Tuesday, July 2, 2013

FAQ: Are there any new targets for the treatment of brain cancer?

Scientists at the University of Virginia Cancer Center have identified a potential target for the treatment of glioblastoma; the most prevalent form of brain cancer. This cancer is also one of the most aggresive, and, despite intensive study, effective treatments have been elusive. It is hoped with the publication of: 'Diacylglycerol Kinase Is a Critical Signaling Node and Novel Therapeutic Target in Glioblastoma and Other Cancers' that a number of new treatments will be revealed.

One reason that cancers, such as glioblastoma, have evaded treatment is that they seem to use multiple pathways to achieve continual growth. As a result, inhibition of one pathway is insufficient to have the desired growth halting effect. The authors of the paper, which was recently published in Cancer Discovery, sought a target which regulates multiple pathways. They found that inhibiting diacylglycerol kinase alpha (DGK alpha), which had been linked to several pathways related to cancer biology, led to cell death in glioblastoma cells!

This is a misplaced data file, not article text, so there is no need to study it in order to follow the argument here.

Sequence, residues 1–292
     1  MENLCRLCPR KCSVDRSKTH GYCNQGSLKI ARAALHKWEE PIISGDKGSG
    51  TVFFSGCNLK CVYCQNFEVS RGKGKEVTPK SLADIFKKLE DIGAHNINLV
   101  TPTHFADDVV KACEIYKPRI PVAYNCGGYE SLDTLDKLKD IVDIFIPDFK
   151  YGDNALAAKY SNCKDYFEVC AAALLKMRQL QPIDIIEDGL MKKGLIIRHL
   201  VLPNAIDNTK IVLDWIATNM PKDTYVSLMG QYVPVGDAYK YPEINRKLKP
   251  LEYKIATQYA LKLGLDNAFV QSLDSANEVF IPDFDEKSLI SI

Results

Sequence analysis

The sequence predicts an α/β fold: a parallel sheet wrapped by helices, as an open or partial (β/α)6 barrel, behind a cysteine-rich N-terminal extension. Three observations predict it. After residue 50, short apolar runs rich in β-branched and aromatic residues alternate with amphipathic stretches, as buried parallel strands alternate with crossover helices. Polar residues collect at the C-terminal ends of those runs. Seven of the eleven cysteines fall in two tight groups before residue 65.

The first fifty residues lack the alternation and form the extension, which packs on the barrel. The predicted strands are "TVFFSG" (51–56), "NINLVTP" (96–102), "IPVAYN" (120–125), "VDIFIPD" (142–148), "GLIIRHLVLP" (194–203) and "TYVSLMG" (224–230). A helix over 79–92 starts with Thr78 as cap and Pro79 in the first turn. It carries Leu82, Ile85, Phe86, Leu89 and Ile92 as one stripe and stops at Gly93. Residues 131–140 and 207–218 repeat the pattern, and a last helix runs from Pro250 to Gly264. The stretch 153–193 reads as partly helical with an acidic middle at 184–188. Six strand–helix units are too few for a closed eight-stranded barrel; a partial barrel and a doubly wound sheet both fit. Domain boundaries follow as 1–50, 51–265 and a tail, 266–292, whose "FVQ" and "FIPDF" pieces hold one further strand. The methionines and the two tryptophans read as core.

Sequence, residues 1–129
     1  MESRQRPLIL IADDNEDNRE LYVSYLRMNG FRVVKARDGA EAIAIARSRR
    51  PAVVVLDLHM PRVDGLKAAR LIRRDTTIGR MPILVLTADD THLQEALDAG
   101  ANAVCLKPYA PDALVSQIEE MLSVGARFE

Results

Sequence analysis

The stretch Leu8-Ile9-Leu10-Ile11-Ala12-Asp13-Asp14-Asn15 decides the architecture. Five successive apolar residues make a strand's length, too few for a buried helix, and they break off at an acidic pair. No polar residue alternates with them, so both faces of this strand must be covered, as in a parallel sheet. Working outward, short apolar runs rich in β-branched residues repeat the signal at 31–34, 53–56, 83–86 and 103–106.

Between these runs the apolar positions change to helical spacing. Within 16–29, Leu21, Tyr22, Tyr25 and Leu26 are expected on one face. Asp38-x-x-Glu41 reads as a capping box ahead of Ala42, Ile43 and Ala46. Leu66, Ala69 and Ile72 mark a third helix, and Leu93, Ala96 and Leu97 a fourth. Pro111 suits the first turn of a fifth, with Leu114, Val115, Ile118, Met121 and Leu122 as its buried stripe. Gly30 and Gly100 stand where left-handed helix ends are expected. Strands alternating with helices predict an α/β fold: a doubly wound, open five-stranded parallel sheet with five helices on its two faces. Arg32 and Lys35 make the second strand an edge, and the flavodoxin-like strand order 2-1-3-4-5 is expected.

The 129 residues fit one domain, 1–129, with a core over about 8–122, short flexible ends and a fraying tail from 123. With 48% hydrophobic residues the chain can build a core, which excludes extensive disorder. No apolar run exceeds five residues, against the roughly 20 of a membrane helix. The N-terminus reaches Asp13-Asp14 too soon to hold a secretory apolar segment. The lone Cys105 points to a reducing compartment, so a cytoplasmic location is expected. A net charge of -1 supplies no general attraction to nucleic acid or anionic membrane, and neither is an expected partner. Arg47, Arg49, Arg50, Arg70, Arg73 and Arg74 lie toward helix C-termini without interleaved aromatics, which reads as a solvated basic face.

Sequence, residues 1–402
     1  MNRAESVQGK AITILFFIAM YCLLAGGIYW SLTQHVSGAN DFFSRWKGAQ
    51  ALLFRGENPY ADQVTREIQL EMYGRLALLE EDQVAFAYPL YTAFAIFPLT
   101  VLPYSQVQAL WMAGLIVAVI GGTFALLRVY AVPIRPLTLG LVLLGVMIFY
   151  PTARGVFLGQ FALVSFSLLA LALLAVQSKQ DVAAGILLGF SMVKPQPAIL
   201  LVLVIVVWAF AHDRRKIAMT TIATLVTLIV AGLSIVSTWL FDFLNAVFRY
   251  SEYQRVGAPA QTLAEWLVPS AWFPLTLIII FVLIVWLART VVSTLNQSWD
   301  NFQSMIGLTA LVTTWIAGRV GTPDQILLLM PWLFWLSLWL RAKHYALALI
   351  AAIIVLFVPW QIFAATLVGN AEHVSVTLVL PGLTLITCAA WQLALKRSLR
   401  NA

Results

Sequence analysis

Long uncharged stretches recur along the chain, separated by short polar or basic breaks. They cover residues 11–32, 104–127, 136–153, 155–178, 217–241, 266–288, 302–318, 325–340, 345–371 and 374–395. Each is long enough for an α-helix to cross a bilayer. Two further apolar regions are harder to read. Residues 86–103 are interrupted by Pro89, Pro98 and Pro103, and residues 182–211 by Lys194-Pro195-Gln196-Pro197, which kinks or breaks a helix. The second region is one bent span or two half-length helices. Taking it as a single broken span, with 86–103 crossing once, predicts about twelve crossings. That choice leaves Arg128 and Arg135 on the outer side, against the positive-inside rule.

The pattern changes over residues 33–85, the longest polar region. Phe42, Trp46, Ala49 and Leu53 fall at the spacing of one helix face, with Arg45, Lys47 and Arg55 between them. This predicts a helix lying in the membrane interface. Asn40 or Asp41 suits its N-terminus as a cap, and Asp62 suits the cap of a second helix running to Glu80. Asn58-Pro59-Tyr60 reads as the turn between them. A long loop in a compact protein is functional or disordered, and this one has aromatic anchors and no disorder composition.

Brain MRI
A single image of a brain using MRI. A bright blue color
where cancer metastasizes
by Dr. Leon Kaufman
Although there are a few small molecule inhibitors available for DGK alpha the search will now begin for additional candidate compounds. Kinase inhibitor screening is a job to which the PHERAstar microplate readers from BMG LABTECH are ideally suited. Regardless of the detection mode which you choose to use, the PHERAstar is an excellent reader for the high-throughput screening necessary to find inhibitors of DGK alpha or other kinase targets.